Last week, the Justice Department indicted a 24 year old Vietnamese man with 15 counts of wire fraud, identity fraud, access device fraud and conspiracy charges, for his part in stealing and helping to sell ‘fullz’ packages of IDs online for over 500,000 people. These ‘fullz’ packages include a person’s name, date of birth, social security number, bank account number and bank routing number, and payment card data.
Reading further, a few other pieces of this story become clear, and should be concerning for individuals and the banks that service them:
- Mr. Hieu Minh Ngo was not working alone. The DoJ has not named his co-conspirators, and its likely they won’t be nabbed unless they try to enter the country (as Mr. Ngo did)
- Criminal rings are becoming much more sophisticated in their ability to steal, organize and then sell valuable identities – in other words, across the fraud lifecycle
- It’s become a game of ‘whack-a-mole’ – pin down one criminal, and others will pop up to take his place.
Our adversaries clearly have the first-mover advantage. They are going to know who they’re attacking, when they’re doing it, and what is the latest technique they’re using to gain access to customer credentials, one way or another. Relying on end-users to behave ‘cleanly’ is akin to asking 5 year olds to do calculus – they just can’t keep up with every trick they’re supposed to be smart enough to avoid falling for, and everyone gets frustrated in the process.
Increasingly, the question is not ‘who’ is going to be compromised, but ‘when’. When financial institutions shift their mindset, and assume that any customer can be compromised at any time, then their methods of protecting themselves, and their customers, shifts as well.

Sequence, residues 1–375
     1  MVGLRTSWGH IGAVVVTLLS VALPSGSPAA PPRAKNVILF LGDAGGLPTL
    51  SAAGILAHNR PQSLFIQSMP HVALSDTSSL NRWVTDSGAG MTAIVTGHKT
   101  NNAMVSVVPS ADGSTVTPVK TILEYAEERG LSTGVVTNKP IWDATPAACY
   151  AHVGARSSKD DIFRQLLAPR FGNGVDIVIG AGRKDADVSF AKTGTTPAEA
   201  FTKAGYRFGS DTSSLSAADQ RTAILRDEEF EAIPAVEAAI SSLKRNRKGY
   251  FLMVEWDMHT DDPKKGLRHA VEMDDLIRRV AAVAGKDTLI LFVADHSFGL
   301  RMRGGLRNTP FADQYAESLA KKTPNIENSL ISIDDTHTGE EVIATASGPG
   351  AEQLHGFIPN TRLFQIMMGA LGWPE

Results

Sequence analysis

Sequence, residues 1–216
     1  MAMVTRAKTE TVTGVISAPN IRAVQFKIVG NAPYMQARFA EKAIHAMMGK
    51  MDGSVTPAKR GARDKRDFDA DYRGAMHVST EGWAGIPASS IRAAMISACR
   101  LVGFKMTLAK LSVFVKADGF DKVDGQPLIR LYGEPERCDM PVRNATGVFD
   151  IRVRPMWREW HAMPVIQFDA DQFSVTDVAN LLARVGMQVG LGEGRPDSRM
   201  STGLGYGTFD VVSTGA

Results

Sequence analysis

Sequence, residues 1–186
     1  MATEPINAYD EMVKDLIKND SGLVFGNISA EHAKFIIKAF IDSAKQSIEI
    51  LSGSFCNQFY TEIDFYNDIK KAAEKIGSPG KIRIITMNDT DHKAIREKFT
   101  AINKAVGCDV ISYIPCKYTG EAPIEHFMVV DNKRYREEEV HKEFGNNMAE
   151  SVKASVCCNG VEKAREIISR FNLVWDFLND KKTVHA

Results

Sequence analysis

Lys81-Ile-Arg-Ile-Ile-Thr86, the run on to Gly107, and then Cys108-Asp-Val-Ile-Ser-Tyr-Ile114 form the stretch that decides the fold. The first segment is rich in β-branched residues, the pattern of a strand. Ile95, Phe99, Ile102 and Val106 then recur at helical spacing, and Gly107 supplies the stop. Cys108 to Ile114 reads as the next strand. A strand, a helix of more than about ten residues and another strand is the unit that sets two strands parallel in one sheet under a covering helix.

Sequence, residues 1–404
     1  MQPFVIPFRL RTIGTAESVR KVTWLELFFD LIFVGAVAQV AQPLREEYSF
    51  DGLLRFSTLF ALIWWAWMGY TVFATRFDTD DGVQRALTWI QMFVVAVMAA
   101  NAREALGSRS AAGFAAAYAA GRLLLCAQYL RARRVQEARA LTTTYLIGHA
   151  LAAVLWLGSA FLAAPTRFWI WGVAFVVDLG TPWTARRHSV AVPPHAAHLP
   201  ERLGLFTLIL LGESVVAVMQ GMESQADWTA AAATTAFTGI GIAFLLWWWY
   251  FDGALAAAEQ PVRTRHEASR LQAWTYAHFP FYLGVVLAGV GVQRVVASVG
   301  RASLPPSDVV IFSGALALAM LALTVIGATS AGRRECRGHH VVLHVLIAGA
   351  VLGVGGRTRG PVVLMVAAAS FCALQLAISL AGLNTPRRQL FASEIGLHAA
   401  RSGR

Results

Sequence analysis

Increasingly, banks are looking towards the next generation of anomaly detection to protect their customers. They are harnessing the power of Big Data and behavioral analytics to automatically protect their customers against the widest array of threats, in real-time, before the money goes out the door. They are leveraging adaptive learning and predictive modeling to understand individual user habits, and deviations from those habits that can signal account fraud is in progress.
Perhaps equally importantly, they are doing all of this while maintaining the user experience, ensuring that security does not come at the cost of customer satisfaction. They are leveraging anomaly detection combined with highly sophisticated user authentication to deliver ‘risk-based’ authentication, beyond what previous generations of authentication could provide. They, and their customers, are tired of playing catch up to the latest threats. They’re arming themselves to see these threats as they emerge, and stop them before they do material damage.
So while the criminals will continue to have first-mover advantage, banks today have more and better tools at their disposal that enable highly customizable, predictive modeling, to stop the bad guys in their tracks.
For more information on protecting your customers from transaction fraud, visit www.easysol.net.